Startup Product Mockups: The Ultimate Guide for Creating Pitch-Ready Designs

Startup Product Mockups: The Ultimate Guide for Creating Pitch-Ready Designs

Investors are always interested in the bottom line, but before they get down to business, founders need to wow them. Without a product mockup, even the best ideas are just hot air. A well-crafted pitch is like a crystal ball that lets your prospective stakeholders glimpse your (and, by extension, their) future success. Including inspiring design assets as a part of your business case is an unmissable opportunity to demonstrate the clarity of your vision.

Polished, high-quality startup product mockups that feel like the "real thing" go a long way toward inspiring investors’ confidence in your idea and boosting your credibility as a professional who's able to execute. Our comprehensive guide will arm non-designer founders and budding entrepreneurs with what they need to know to create pitch-ready (and pitch-winning!) design mockups, which can be used for their SaaS product, mobile app, or crypto project.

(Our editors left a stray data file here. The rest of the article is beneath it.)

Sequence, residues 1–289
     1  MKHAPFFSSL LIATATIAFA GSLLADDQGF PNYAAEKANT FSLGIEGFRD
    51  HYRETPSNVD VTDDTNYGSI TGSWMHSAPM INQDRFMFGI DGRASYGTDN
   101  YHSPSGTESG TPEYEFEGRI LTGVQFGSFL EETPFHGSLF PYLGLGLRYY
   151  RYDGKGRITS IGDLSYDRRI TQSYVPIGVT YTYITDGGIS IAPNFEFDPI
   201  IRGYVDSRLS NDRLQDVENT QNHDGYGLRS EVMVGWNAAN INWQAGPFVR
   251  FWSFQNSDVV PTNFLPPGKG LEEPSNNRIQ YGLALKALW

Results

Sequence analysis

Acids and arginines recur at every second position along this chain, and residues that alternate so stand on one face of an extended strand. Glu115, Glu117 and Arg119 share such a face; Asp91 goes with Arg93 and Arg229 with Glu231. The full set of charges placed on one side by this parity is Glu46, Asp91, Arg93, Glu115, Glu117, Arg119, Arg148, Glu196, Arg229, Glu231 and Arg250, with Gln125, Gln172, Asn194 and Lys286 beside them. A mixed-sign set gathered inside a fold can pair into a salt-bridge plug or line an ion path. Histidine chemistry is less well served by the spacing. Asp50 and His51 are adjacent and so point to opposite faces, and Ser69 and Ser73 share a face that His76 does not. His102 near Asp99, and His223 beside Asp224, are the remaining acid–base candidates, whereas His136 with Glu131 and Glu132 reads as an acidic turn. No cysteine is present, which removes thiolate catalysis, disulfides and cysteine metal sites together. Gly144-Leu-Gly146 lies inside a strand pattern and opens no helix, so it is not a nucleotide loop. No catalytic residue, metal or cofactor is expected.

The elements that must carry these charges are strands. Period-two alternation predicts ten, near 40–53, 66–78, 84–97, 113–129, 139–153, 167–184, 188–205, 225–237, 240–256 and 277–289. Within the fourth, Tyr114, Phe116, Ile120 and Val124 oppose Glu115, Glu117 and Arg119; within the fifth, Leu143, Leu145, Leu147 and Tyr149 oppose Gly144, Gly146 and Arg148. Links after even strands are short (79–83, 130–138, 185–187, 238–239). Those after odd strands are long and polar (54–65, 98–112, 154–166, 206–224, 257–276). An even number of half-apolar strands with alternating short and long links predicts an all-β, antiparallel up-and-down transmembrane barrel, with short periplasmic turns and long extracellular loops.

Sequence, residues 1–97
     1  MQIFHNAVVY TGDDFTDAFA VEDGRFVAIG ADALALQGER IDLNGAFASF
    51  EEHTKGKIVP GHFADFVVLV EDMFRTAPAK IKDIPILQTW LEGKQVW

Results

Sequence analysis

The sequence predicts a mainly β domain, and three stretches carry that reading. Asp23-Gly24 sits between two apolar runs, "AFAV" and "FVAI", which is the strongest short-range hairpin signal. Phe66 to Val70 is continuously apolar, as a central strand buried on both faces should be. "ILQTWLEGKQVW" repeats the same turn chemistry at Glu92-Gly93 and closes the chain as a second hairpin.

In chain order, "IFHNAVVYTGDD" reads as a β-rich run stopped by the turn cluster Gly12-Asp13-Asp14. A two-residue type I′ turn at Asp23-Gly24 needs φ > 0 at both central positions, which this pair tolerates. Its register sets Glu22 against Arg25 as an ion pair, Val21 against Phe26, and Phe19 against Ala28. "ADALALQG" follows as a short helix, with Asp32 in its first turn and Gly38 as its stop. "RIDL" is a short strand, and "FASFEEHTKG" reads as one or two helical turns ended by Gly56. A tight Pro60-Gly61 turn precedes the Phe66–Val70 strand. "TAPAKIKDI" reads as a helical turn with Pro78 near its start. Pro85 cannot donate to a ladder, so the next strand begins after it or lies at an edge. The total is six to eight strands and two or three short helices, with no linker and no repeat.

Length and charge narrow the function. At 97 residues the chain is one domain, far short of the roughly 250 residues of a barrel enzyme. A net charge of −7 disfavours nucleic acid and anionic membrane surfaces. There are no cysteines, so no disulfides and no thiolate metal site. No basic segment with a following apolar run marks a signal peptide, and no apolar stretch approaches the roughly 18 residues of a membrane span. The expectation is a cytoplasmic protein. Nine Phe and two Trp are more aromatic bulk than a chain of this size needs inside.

What’s a product mockup?

A mockup is a graphic design rendering of your website or app that shows what the final product will look like. Mockups tend to be flat — non-interactive — high-fidelity images that showcase your visual and brand design and often present your product in situ, e.g., displayed on a laptop, tablet, or smartphone screen.

The purpose of a startup product mockup is to persuade stakeholders and investors to buy into your idea. Mockups are designed to inspire and garner enthusiasm. You want your audience to feel like they’re looking at the opportunity of a lifetime to get in at the ground floor, so they’ll be eager to get involved and underwrite your project with financial or advisory support. With this aim in mind, mockups need to include the right details to convey the core aspects of your experience, showcasing its most unique and dazzling features, but they also need to be high level enough to keep the conversation out of the weeds.